“I served, got out of war, and still had both of my legs,” said Mr. Mark Wester, a former sergeant in the U.S. Marines. “I have to remind myself that I am leading a normal life while others are not.” Remembering the countless U.S. veterans who have served is very important to Mr. Wester, and he is able to fulfill this through Carry the Load, a non-profit organization dedicated to providing Americans an interactive way to honor and celebrate Memorial Day in dedication to those who sacrifice daily for us.
The Carry the Load organization allows people to literally “carry the load” of those serving in war by taking up a military pack and walking a certain amount of miles every Memorial Day. This not only symbolizes the endurance experienced by those who are serving, but also allows individuals and groups to pay homage to those people. Carry the Load also places great emphasis on delivering the donations that they receive directly to the intended recipients rather than staff or other expenses, a difference from other organizations such as the Wounded Warrior Project.
Another mission of Carry the Load is to provide funding and support to various other non-profit organizations, such as Tip of the Spear Foundation. Whenever Tip of the Spear is signed up as a benefactor for Carry the Load, they typically receive decent returns. Tip of the Spear takes those donations and uses them to bridge the gap between the time when those serving or the families of those serving have a need, and the time when government funding can actually arrive. This can be as simple as enabling the cooking of stateside meals for service members having a rough deployment. However, the greater intention for the funding is to provide support in the interim between a grievous injury or loss of life and when benefits from either a department, agency, or the government actually begin to help the family.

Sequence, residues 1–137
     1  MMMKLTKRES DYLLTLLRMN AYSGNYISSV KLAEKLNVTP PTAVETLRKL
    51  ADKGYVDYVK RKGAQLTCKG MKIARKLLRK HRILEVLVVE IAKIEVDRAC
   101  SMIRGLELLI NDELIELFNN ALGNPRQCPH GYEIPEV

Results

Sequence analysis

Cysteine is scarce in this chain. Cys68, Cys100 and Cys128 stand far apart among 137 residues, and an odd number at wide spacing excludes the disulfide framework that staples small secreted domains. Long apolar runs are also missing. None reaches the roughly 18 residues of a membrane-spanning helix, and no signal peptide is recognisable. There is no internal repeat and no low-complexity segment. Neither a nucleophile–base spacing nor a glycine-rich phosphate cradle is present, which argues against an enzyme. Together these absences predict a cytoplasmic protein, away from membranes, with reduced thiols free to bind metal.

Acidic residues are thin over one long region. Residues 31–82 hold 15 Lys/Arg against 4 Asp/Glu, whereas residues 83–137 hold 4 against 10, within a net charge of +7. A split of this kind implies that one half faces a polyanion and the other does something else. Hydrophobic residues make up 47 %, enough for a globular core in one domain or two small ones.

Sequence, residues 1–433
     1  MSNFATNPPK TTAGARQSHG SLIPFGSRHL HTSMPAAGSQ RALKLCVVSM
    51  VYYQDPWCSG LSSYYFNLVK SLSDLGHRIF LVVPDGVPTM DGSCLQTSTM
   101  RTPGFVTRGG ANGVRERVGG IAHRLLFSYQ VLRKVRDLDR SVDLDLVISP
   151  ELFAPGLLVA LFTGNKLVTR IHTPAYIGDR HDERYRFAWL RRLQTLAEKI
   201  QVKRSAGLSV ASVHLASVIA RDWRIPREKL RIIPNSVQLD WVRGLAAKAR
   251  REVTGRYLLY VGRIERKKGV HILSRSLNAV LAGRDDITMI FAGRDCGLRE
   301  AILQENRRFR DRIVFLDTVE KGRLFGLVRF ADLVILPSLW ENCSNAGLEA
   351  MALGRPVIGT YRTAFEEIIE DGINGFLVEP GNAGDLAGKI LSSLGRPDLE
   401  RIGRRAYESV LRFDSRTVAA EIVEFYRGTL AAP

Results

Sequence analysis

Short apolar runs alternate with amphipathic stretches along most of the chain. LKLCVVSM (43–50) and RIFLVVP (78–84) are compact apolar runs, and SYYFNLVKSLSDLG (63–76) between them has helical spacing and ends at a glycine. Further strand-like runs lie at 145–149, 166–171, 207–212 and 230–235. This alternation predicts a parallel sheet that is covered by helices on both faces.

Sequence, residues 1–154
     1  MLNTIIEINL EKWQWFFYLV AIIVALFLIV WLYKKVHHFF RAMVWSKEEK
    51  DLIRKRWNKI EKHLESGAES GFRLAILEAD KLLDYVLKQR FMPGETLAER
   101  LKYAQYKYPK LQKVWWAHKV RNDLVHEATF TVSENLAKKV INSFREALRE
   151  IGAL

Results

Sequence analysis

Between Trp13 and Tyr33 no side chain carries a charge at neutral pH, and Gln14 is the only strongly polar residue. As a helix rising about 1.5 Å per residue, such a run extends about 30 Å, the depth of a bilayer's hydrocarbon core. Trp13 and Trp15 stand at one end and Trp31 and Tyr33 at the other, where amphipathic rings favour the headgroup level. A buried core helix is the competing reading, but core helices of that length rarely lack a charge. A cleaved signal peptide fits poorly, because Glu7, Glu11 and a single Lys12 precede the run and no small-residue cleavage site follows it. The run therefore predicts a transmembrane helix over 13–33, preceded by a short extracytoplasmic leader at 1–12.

Mr. Wester got involved with the Tip of the Spear Foundation when he ran into a fellow graduate of his, Pat Dossett, who started the foundation. He stated, “I looked into Carry the Load and found that the whole point was to reclaim the meaning of Memorial Day. It’s not about a mattress sale, or having a day off of work. It’s not about it being the day after senior graduation, and it’s not about barbecues. It’s about realizing that there are a small percentage of men and women who have signed a blank check to the government to hopefully do the right thing in defense of the country for their service.”
Mr. Wester then praised the spirit of Carry the Load, saying, “It brings both a family-oriented and individual focus to first responders who have been killed or injured doing their job. It points to civic duty and the sacrifice that these people have put forth.” Joining a team for Carry the Load under Tip of the Spear, Mr. Wester deems the cause “the calling he was looking for,” and started fundraising that year, raising around $2000 for the team. Along with this fundraising, he also walked about 28 miles with a 10-15 lb pack. “What I liked most about the event is the spirit, teamwork, and dedication involved with it,” added Mr. Wester. “This is my way to raise awareness, money, and help.” Last year, Mr. Wester decided to place greater emphasis on putting forth participation and time rather than fundraising, walking about 42 miles in 20 hours, “carrying the load” for a former student whom he was commissioned and deployed with, one of his former Marines who was commissioned and deployed, and one of the Sergeants with whom he served. This year, Mr. Wester is “carrying the load” for his great-uncle Gilbert Wester, a USMC veteran of the WWII Pacific Theater who recently passed away.
For this upcoming Memorial Day, Carry the Load has opened registration early in January, allowing Mr. Wester to garner more participation and interest for the event. He said, “This year, my intent with fundraising is to take it to the next level. Last year I was able to raise $2000, this year I’m aiming for $5000. My goal isn’t to ask individual people for money, rather organizations that I can fund-raise at.” Mr. Wester asserted, “I wouldn’t necessarily want Jesuit students to donate $2, I want Jesuit students to point me to an organization where I can speak at, talk to, and generate fundraising from.”
Personally, Mr. Wester believes that Carry the Load conveys an important message, stating, “This really speaks to me as a veteran. I’m here, and I’m okay. I came back. I’m not there now. I’m reaping all the wonderful benefits of everybody who is still giving more than I did, and this is my way, on their day, to raise awareness.” Mr. Wester hopes that Carry the Load will allow people to “stop and reflect about something that has a greater impact than what they can see and what hasn’t personally affected them.” In terms of what he would like Jesuit students to know, he stated, “It is an excellent way to give back. Money isn’t the important thing, what is more important is awareness and participation.”